Here are some key factors influencing Gen Z’s home selections, and how these trends will shape the future of apartment living.
“Location, location, location” is the classic mantra that defines home searching. Many Gen Z’ers prefer to live in vibrant suburbs, and while suburban living is nothing new, today’s hybrid world makes for a more feasible transition to the less-populated and more affordable residential areas.
Deciding where to live not only depends on the specific area, but also on what’s around the prospective home. Gen Z predominantly prefers to live close to work, school, entertainment and nightlife — but is seemingly willing to embrace a short drive or public transit ride from the suburbs as “close.”
Further, the coronavirus pandemic hasn’t reduced this generation’s desire to be social and active in the community. A walkable community with easy access to entertainment, dining, shopping and a gym is another necessity among this demographic.
With so much of our lives spent inside our homes — from living and working to playing, it’s important to have a space with amenities that fit one’s lifestyle. A top priority for many Gen Z’ers is guaranteed parking, along with security and access control features. The digital generation also values dependable cellphone reception, as well as a high-speed Internet connection.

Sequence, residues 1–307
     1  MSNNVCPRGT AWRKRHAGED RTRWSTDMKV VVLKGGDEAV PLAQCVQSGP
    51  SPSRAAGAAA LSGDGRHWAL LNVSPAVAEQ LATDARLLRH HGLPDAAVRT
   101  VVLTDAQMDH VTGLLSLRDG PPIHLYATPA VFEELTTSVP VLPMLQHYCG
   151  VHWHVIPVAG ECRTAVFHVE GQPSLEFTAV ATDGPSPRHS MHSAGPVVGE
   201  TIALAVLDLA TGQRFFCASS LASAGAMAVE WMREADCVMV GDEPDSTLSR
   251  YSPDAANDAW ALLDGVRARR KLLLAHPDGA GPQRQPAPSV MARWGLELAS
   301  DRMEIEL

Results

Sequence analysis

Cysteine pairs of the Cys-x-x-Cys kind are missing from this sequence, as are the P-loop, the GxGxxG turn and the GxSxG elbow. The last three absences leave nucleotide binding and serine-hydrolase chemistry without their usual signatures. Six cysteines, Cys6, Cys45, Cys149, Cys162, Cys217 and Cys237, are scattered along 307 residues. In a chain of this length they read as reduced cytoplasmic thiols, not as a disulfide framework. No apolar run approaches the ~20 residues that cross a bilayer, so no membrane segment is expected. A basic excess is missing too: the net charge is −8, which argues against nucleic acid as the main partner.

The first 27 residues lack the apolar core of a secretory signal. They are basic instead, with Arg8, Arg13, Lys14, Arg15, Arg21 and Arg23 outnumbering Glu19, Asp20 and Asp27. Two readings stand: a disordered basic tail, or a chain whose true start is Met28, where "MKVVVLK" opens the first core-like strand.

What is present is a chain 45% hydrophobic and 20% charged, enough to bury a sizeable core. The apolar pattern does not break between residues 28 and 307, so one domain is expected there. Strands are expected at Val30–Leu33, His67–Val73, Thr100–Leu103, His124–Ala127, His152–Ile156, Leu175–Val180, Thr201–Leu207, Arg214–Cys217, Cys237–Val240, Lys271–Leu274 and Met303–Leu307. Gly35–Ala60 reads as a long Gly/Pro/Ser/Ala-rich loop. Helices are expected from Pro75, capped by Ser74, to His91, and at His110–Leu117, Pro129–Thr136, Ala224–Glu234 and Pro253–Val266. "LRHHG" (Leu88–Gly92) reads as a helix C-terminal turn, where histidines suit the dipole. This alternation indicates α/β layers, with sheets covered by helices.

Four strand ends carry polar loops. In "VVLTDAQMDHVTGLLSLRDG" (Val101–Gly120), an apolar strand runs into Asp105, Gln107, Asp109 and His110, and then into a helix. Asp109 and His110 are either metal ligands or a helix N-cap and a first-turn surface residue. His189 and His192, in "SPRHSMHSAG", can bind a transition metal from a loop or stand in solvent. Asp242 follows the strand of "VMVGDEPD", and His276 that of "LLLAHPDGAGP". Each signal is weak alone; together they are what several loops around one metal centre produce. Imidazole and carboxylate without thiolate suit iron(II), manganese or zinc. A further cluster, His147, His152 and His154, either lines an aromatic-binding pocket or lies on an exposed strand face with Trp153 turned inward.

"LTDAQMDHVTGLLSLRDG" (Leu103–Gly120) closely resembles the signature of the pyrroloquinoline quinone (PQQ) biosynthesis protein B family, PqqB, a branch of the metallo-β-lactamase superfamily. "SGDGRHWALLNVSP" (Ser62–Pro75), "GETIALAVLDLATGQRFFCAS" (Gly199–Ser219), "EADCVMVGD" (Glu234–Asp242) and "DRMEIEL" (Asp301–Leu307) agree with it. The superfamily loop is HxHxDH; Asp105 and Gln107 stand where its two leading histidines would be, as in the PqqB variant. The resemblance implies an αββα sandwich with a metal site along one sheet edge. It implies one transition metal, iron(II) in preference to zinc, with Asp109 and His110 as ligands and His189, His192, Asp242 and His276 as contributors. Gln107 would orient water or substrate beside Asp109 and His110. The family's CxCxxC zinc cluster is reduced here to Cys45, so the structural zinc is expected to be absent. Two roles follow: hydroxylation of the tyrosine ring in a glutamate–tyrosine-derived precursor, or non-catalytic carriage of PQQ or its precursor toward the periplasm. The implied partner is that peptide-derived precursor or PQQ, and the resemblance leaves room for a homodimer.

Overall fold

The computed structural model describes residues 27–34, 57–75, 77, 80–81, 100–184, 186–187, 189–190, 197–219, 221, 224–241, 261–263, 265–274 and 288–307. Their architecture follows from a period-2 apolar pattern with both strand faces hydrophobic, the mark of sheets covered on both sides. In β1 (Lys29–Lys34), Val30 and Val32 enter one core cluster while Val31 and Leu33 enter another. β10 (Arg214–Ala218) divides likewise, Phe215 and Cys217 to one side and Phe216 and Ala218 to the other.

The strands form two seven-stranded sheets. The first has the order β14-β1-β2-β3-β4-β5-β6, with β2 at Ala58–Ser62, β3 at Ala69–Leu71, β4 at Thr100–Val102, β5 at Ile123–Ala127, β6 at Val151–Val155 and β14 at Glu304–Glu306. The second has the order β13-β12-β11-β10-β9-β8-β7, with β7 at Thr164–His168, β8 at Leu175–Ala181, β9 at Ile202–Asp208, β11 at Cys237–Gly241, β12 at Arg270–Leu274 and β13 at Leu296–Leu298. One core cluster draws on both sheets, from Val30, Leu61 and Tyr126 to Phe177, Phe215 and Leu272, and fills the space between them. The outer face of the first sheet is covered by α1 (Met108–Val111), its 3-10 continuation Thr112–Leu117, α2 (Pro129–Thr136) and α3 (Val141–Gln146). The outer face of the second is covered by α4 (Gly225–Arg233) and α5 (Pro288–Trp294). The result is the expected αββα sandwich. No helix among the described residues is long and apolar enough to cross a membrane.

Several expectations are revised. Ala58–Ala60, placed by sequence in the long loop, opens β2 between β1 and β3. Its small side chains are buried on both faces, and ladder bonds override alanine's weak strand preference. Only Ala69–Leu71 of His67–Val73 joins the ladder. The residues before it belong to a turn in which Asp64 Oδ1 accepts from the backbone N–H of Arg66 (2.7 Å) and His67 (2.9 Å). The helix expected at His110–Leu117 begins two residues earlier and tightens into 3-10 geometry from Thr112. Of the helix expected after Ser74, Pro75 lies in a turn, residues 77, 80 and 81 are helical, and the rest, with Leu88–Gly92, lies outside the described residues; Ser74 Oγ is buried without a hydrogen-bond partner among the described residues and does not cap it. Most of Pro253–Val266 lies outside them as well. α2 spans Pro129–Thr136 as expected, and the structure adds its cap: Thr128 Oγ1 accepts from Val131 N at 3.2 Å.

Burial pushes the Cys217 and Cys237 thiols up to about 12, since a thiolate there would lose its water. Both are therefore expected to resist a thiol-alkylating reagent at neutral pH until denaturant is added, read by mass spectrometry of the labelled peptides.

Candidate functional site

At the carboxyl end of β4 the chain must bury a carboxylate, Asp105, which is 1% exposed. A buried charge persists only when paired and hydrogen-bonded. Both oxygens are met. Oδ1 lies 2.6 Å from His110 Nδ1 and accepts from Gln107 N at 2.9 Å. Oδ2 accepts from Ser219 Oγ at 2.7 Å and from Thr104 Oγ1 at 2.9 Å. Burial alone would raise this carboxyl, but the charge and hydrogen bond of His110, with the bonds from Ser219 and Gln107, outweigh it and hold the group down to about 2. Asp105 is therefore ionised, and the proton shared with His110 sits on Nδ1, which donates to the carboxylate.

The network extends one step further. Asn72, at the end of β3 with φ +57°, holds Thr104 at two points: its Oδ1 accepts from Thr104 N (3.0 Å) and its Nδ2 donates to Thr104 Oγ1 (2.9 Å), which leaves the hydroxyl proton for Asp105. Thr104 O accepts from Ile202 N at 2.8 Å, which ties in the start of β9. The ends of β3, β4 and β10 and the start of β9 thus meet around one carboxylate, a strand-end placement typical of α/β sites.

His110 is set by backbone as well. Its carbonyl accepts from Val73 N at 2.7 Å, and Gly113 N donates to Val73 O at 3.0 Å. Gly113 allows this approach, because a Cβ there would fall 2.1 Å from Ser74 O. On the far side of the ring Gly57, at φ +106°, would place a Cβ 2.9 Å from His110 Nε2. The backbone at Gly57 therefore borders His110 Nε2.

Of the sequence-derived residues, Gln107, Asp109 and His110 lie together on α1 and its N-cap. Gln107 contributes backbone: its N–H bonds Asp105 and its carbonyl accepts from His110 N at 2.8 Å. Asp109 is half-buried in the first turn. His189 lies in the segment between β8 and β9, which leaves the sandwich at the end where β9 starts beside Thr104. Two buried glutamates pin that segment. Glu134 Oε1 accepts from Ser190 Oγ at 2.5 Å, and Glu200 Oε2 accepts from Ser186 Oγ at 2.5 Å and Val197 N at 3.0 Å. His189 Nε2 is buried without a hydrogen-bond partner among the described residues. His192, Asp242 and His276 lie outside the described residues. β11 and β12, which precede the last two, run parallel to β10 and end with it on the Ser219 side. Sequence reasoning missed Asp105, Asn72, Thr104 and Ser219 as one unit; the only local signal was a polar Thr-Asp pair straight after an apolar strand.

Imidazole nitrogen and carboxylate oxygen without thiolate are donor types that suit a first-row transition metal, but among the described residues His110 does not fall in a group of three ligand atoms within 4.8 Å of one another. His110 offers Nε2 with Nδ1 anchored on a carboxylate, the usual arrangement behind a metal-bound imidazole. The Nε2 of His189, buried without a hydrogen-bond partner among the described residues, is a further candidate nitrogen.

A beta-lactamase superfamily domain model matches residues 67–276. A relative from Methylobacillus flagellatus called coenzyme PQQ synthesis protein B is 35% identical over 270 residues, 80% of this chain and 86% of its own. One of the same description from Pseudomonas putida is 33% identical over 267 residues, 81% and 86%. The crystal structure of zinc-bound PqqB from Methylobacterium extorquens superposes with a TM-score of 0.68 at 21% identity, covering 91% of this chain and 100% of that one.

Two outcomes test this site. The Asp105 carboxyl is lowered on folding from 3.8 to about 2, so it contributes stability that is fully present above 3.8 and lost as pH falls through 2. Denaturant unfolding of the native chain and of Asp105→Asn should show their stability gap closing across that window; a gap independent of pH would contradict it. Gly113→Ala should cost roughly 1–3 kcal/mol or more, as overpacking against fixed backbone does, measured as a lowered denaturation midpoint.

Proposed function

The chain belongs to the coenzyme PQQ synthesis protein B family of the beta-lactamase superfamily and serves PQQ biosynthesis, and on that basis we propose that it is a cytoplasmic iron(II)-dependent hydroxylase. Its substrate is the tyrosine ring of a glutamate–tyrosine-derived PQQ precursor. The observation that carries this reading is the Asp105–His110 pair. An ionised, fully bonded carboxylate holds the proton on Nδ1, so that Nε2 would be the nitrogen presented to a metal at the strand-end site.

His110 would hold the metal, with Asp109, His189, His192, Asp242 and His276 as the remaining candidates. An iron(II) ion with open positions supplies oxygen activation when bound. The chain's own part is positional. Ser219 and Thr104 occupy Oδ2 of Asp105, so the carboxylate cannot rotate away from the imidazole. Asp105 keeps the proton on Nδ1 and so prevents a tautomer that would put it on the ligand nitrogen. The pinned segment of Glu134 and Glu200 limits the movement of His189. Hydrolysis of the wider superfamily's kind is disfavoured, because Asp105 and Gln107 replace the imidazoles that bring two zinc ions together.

Health and fitness spaces such as pools and other indoor and outdoor workout facilities are also a priority for Gen Z’ers. These spaces are key for self-care and help save time and money on outside gym and fitness memberships.
Despite only recently entering the rental space, Gen Z is already accustomed to an upgraded lifestyle. A multifunctioning open-floor plan and high-end features like hardwood floors, walk-in closets, in-unit laundry and balconies are important features for the generation.
The next several years look promising for the single-family-home sector, especially single-family rentals, and its most prominent consumers appear to be Gen Z, who find this living choice to be their ideal home scenario.
Townhouses and garden-style communities are also popular options for this generation, mirroring their preference to live in the suburbs. Meanwhile, it seems that fewer Gen Z’ers are interested in living in a low-mid-high rise.
The next generation of renters is among us, and their preferences — influenced largely by the pandemic’s impact on daily living — will shape the future of apartment living. As rental housing continues to be a lifestyle choice for many, Gen Z’s impact will help influence the amenities, location and style of apartment communities for years to come.
Robert Pinnegar is president and CEO of the National Apartment Association in Arlington, Va.